For decades, coal miners have been exposed to dangerous and potentially deadly substance known as crystalline silica. The mineral can be found in sand, stone, concrete, and mortar. The respirable version contains 100 times smaller particles that can become airborne during cutting, sawing, drilling, and crushing stone and rock.
For many coal miners who have inhaled the dust over their lengthy careers, a lack of protection and engineering controls has resulted in pneumoconiosis, better known as black lung, a severe affliction that, to date, lacks a cure. Other forms of the deadly disease include various forms of cancer and chronic obstructive pulmonary and kidney diseases. The most severe form is serious progressive massive fibrosis.
Efforts to reduce dust exposure
With the objective of improving protections from health hazards caused by exposure, the U.S. Department of Labor and their Mine Safety and Health Administration (MSHA) announced new enforcements to minimize exposure to toxic levels of silica dust that continue to impact thousands of miners annually.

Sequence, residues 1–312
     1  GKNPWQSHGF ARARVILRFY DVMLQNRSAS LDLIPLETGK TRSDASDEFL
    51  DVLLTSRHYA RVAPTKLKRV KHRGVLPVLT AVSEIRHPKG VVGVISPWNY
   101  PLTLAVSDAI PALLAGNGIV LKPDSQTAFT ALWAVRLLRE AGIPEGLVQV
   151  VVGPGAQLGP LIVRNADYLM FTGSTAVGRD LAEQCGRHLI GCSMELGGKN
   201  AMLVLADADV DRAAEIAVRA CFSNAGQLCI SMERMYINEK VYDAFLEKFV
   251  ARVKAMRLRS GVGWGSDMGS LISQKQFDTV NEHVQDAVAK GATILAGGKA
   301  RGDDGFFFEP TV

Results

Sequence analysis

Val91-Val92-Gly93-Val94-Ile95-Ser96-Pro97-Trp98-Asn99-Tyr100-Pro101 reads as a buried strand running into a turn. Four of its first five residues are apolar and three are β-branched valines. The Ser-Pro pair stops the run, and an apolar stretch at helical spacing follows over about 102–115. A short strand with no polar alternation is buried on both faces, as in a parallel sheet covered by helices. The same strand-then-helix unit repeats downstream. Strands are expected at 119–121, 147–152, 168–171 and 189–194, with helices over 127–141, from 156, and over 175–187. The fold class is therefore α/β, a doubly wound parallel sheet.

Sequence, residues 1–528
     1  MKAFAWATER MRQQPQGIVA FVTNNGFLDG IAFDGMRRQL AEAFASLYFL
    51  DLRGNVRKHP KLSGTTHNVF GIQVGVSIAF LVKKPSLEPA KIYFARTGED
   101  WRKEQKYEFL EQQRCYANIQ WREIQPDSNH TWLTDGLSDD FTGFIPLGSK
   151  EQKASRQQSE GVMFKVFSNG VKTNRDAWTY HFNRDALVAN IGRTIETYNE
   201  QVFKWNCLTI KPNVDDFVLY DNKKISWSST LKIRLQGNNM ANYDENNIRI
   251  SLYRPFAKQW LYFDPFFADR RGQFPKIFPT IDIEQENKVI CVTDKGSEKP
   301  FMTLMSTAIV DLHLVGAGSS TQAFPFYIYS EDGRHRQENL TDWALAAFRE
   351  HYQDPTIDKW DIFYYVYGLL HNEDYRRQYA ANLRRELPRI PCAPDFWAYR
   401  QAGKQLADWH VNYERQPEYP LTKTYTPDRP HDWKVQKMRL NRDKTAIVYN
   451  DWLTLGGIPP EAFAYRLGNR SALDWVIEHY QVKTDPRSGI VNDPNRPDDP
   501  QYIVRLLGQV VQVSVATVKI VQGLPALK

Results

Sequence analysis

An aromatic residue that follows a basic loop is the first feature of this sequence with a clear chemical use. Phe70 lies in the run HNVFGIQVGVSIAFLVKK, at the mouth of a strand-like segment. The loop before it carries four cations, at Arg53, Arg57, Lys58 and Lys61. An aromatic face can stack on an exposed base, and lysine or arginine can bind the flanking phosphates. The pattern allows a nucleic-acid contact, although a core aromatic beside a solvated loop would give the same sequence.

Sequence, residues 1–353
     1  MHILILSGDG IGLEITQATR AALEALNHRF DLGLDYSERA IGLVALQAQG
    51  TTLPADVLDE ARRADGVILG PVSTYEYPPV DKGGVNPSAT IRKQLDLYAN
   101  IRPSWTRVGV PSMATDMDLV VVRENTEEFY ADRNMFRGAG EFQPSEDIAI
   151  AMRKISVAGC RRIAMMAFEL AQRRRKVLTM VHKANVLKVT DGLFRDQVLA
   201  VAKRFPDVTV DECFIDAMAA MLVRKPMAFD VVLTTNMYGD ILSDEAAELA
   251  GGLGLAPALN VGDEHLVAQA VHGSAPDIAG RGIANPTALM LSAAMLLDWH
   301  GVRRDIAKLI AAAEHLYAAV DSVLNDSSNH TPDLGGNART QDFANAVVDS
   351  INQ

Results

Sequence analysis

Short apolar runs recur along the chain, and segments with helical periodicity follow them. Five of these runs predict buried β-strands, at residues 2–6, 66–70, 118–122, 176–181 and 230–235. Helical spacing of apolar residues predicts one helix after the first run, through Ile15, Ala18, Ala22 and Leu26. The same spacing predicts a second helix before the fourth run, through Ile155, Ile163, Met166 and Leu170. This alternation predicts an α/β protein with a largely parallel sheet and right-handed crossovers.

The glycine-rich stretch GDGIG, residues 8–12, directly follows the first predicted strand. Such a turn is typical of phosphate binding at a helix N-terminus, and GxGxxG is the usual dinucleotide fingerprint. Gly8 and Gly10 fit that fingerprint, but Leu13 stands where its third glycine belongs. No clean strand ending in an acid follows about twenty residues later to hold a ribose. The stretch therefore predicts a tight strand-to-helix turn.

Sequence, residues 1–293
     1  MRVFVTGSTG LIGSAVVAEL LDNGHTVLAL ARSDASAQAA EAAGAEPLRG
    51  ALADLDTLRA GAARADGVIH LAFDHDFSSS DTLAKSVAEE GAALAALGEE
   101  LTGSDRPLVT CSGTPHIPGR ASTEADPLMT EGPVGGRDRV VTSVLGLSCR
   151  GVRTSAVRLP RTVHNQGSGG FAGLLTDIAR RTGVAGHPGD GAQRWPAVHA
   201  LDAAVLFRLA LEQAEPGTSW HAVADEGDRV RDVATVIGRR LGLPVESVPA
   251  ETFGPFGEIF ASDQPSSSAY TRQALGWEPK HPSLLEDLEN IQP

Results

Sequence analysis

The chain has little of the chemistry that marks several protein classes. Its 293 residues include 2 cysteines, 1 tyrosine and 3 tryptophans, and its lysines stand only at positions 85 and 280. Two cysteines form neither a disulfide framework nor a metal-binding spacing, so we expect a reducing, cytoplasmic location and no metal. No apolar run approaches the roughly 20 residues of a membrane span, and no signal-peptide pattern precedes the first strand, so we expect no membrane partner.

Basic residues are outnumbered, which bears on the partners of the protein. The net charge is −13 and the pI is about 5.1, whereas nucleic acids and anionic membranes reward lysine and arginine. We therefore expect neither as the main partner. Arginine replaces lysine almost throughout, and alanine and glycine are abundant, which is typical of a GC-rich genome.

An essential component of the program involves spot inspections of mines for silica dust and expansion of samplings onsite. The objective is to assist with compliance and best practices to minimize exposure and continually evaluate conditions. Efforts will focus on coal and nonmetal mines with a history of overexposure.
Mines that have received previous citations for exceeding permissible exposure limits of 100 micrograms will be prioritized. Miners will be encouraged to report health conditions that they consider hazardous. They will also be encouraged to report any tampering efforts that could affect the sampling process.